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City of Cleveland admits ransomware was found on Cleveland Hopkins Airport computers

The city council Monday night authorized $750,000 in emergency funding to hire 2 outside contractors to fix the computer network.

CLEVELAND — The flight information boards at Cleveland Hopkins Airport were back online early Monday morning after going dark last week, though some email accounts remain down.

The city of Cleveland held a news conference Monday to provide more details on the malware incident, reversing its previous statements to the media that no ransomware was found in the airport computer system. 

Days ago, we were told the FBI was investigating a hack at the airport that took the boards down last Sunday. The city denied in a statement issued last Friday that the incident was a hack.

"These systems were not accessed by any unauthorized personnel (hacked) and there were no ransom demands," the statement read.

RELATED: The Investigator | Technical outages at Cleveland Hopkins Airport apparently caused by hack

After several local media outlets reported from inside sources that ransomware was found on computers, the city first denied those reports and said only malware was found.

Officials on Monday said part of the malware was ransomware. An FBI spokesperson said ransomware was found on the network, but the city did not consider making any payments.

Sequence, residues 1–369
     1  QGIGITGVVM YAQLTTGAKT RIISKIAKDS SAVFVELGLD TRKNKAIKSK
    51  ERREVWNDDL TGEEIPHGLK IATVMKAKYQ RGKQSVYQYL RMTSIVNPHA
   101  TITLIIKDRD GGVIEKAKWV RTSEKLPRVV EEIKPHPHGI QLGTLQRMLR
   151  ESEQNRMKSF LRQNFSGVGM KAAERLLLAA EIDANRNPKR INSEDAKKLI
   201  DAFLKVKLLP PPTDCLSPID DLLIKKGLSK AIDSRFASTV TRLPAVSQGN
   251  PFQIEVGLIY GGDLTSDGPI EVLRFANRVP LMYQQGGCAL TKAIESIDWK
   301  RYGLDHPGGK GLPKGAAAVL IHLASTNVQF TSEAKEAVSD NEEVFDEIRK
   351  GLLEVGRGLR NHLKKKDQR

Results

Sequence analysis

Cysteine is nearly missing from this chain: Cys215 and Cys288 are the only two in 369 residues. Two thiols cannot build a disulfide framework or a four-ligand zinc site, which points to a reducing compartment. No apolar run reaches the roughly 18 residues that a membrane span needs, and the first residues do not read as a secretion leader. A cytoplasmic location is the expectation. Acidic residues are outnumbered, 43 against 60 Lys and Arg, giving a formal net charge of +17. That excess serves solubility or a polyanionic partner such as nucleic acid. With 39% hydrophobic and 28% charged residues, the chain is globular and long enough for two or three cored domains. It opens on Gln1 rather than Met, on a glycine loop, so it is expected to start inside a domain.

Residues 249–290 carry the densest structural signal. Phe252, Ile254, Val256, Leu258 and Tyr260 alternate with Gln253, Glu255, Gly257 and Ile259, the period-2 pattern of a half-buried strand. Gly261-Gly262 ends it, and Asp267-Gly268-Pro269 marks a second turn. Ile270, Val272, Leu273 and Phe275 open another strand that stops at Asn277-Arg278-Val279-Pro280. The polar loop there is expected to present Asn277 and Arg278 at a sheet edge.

Valerie McCall, the city's chief of communications, denied that the city lied to the media about the ransomware. She would not detail what the demands of the ransom were. 

McCall said the display screens and emails were the only issues at the airport, emphasizing that there were no security threats. She also said the screens are hosted by a third party vendor based in New Zealand, blaming the week-long fix on delays caused by Anzac Day, a New Zealand holiday that took place Thursday.

Monday night, Cleveland City Council approved legislation authorizing the purchase of Black Box Network Services and IntelliNet to restore the flight and baggage information displays, restore email, and install threat protection software. The hiring of the two outside contractors will cost the city $750,000.

You can watch the council meeting in the player below from WKYC's Facebook Live and YouTube.